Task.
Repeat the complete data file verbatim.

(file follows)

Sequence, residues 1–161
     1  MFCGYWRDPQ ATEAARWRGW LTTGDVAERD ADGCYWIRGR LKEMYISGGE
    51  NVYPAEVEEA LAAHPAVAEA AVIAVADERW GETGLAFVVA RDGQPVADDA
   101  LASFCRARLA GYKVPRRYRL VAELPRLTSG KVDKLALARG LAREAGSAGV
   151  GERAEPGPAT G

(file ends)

Sequence, residues 1–161
     1  MFCGYWRDPQ ATEAARWRGW LTTGDVAERD ADGCYWIRGR LKEMYISGGE
    51  NVYPAEVEEA LAAHPAVAEA AVIAVADERW GETGLAFVVA RDGQPVADDA
   101  LASFCRARLA GYKVPRRYRL VAELPRLTSG KVDKLALARG LAREAGSAGV
   151  GERAEPGPAT G